These are, of course, just friendly greetings. But even a greeting has its purpose.
The author of Hebrews was a Christian leader and a Bible teacher. He has mentioned his desire to travel to the church that his readers belonged to (Hebrews 13:23). Probably, he would want to teach there.
But that church already had leaders (Hebrews 13:17). By his greeting, the author showed clearly that he respected those leaders and their authority. He would not oppose them or cause trouble for them. The author was not trying to make himself important – he was serving God.
So the author asked his readers to greet their church leaders on his behalf. He also asked them to greet the ‘saints’. That word just means ‘the holy people’, or, in other words, God’s own people. That is a description of all Christians (1 Peter 2:9-10). The author was asking his readers to give his greetings to all the other Christians whom they knew.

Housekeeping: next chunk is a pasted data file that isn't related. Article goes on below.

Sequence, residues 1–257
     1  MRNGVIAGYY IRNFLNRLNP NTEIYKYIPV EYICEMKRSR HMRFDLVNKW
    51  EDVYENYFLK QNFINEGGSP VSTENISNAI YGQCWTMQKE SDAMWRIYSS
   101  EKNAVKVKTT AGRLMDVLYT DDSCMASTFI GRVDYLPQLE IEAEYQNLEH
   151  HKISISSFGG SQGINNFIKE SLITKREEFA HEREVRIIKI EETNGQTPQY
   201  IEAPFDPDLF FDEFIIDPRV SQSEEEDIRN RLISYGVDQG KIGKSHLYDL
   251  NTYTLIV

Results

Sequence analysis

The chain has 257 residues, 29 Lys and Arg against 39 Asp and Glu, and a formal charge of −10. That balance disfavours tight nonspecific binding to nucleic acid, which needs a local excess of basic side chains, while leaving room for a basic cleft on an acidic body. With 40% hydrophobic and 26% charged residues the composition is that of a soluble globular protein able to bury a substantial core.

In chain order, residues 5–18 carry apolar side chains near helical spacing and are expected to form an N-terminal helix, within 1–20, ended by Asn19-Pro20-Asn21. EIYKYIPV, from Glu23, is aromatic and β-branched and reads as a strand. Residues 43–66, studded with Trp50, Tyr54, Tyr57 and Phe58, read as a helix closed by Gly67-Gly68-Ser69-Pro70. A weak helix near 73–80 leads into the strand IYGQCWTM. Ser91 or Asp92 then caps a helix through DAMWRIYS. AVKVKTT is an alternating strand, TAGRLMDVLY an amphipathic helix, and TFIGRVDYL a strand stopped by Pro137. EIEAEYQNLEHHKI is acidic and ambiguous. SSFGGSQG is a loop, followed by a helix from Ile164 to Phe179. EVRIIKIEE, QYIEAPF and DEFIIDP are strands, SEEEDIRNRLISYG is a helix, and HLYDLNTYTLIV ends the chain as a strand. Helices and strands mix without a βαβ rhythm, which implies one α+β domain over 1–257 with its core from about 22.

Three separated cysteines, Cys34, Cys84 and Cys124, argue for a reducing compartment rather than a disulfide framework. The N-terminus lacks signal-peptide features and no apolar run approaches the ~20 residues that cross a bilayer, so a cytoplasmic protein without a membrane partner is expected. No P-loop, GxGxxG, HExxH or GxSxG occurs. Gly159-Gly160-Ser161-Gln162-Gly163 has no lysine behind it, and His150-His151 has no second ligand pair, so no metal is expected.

Then, some Christians from Italy had asked the author to send their greetings to his readers. Christians in one country wanted to greet Christians in another country. We do not know whether they already knew each other or not. But clearly, they could not know each other well. However, they still wanted to be friendly.
And that is how it should be. Wherever they may live, all Christians have God as their Father. So all Christians are brothers and sisters in God’s family, even if they have never met (Hebrews 2:11-12). It is God’s command that they should love each other (1 John 3:23).
Next part: A blessing (Hebrews 13:25)
Please use the links at the top of the page to find our other articles in this series. You can download all our articles if you go to the download page for our free 450 page course book.
© 2014, Keith Simons.